It seems like everyone has probiotics on the mind. These “friendly” bacteria are taken to improve gut health, something we now know is central to our overall well-being. While the growing awareness is amazing, probiotics should actually step aside for something better. Yes, you read that right: Probiotics aren’t the only answer. Don’t forget that probiotics are still foreign invaders. Sure, they mean well, but the body may not be prepared. It’s a lot like a friend showing up at your house without notice.
In the case of your gut, it’s a lot about the intestinal barrier. The mucus layer stops trillions of bacteria from constantly touching the surface. The stronger it is, the better everything will stay where they’re supposed to. Does that mean you should ditch the probiotics? Not really. Instead of depending on probiotics, focus on strengthening your intestinal barrier with certain foods.1
What Probiotics Do Best
The gut houses both good and bad bacteria. When there’s a healthy balance, everyone gets along just fine. This also means that the gut, the body’s first line of defense, does its duty of supporting your immune system. It even controls appetite and regulates cognitive and emotional function through the gut-brain axis.2 3 4
But when there aren’t enough good guys, things get a little wonky. This can happen after taking antibiotics or dealing with a bad bout of irritable bowel syndrome, constipation, or other digestive issues. That’s where probiotics come in. By introducing good bacteria, the gut microbiome will be balanced again. Most probiotics are bacteria from the Lactobacillus and Bifidobacterium groups, along with Saccharomyces boulardii, a type of yeast.5
The Power Of The Intestinal Barrier
Managing gut health doesn’t stop at eating probiotics. In fact, strengthening the intestinal barrier matters even more. The bowel has a thick mucus layer that prevents gut bacteria from invading the intestinal wall. Otherwise, that bacteria will intrude and cause inflammation, a tell-tale sign that the barrier has broken. Tummy troubles are sure to come.6
Fiber For Gut Health
By eating enough fiber, gut bacteria will have something to feast on. Adequate intake will also balance the bacteria living in the gut, to begin with. As an added bonus, you’ll also reduce the risk of weight gain, high cholesterol, and high blood sugar. Unfortunately, many of us don’t eat enough! The recommended intake is 20 to 30 grams a day, but most get 15 grams daily. The top sources include:8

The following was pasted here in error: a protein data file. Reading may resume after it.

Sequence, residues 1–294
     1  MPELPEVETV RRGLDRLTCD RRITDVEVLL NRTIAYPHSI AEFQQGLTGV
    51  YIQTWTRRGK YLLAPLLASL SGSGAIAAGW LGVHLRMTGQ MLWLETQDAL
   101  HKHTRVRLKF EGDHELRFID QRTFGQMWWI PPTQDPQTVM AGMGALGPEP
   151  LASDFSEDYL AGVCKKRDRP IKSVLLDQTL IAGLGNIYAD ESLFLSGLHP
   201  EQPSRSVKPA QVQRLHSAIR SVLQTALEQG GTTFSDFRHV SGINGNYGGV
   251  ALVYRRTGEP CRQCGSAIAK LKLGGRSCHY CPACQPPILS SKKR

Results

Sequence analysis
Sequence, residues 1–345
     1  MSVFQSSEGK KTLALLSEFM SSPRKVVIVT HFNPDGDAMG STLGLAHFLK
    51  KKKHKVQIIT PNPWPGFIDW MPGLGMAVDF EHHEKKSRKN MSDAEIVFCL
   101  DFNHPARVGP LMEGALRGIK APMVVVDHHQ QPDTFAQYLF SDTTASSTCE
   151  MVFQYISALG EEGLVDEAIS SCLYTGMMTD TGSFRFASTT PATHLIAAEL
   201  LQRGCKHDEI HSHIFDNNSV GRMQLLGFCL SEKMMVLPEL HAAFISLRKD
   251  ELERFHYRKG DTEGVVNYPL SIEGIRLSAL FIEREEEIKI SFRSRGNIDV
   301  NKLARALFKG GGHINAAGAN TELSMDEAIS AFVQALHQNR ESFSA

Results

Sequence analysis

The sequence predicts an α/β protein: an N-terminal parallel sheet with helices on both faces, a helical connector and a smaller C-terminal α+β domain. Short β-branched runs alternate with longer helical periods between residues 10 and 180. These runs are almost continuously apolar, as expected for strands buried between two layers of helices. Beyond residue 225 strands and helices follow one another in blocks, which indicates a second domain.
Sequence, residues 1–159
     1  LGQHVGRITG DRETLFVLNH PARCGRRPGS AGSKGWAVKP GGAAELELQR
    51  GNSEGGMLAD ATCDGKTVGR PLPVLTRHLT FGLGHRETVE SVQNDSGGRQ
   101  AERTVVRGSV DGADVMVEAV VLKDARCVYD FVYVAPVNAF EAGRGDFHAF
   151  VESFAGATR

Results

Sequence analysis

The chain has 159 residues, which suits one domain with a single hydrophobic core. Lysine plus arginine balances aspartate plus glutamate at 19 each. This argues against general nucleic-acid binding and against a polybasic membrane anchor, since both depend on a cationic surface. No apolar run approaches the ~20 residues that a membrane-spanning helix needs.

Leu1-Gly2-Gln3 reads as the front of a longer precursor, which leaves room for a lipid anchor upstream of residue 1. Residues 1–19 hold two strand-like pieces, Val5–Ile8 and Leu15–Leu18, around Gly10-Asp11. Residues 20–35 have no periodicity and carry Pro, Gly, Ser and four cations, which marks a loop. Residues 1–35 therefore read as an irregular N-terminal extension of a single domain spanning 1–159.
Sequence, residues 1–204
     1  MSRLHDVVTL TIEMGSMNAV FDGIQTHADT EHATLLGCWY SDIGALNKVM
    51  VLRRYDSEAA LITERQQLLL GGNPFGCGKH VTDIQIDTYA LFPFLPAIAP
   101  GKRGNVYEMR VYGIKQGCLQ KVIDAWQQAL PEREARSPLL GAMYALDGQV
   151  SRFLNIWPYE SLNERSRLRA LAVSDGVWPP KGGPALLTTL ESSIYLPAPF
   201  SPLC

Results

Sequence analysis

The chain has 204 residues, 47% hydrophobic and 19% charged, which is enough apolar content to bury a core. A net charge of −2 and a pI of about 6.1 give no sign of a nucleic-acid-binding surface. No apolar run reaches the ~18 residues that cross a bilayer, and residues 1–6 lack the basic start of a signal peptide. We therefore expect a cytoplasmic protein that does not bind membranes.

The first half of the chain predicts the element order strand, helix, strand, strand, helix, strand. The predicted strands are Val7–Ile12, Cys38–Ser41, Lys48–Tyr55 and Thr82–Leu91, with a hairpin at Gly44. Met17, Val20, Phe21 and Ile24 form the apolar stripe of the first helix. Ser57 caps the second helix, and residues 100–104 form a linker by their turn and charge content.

- Vegetables and fruits, especially prunes
- Whole grains like couscous and brown rice
- Legumes and nuts
Just don’t eat too much fiber too fast. It’s a perfect setup for constipation, so increase intake slowly.9 Drink lots of water so the fiber has something to absorb. Your gut will love it.
|↑1, ↑6||Swidsinski, Alexander, Vera Loening-Baucke, Franz Theissig, Holger Engelhardt, Stig Bengmark, Stefan Koch, Herbert Lochs, and Yvonne Dörffel. “Comparative study of the intestinal mucus barrier in normal and inflamed colon.” Gut 56, no. 3 (2007): 343-350.|
|↑2||Fetissov, S. O. “Involvement of gut bacteria in appetite control.” Biologie aujourd’hui 211, no. 1 (2017): 29.|
|↑3||Carabotti, Marilia, Annunziata Scirocco, Maria Antonietta Maselli, and Carola Severi. “The gut-brain axis: interactions between enteric microbiota, central and enteric nervous systems.” Annals of gastroenterology: quarterly publication of the Hellenic Society of Gastroenterology 28, no. 2 (2015): 203.|
|↑4||Sanders, Mary Ellen, Louis MA Akkermans, Dirk Haller, Cathy Hammerman, James T. Heimbach, Gabriele Hörmannsperger, and Geert Huys. “Safety assessment of probiotics for human use.” Gut microbes 1, no. 3 (2010): 164-185.|
|↑5||The Basics of Probiotics.
|↑7||Desai, Mahesh S., Anna M. Seekatz, Nicole M. Koropatkin, Nobuhiko Kamada, Christina A. Hickey, Mathis Wolter, Nicholas A. Pudlo et al. “A dietary fiber-deprived gut microbiota degrades the colonic mucus barrier and enhances pathogen susceptibility.” Cell 167, no. 5 (2016): 1339-1353.|
|↑8||Tomasello, Giovanni, Margherita Mazzola, Angelo Leone, Emanuele Sinagra, Giovanni Zummo, Felicia Farina, Provvidenza Damiani et al. “Nutrition, oxidative stress and intestinal dysbiosis: Influence of diet on gut microbiota in inflammatory bowel diseases.” Biomedical Papers 160, no. 4 (2016): 461-466.|
|↑9||Fiber. Harvard T.H. Chan, School of Public Health.|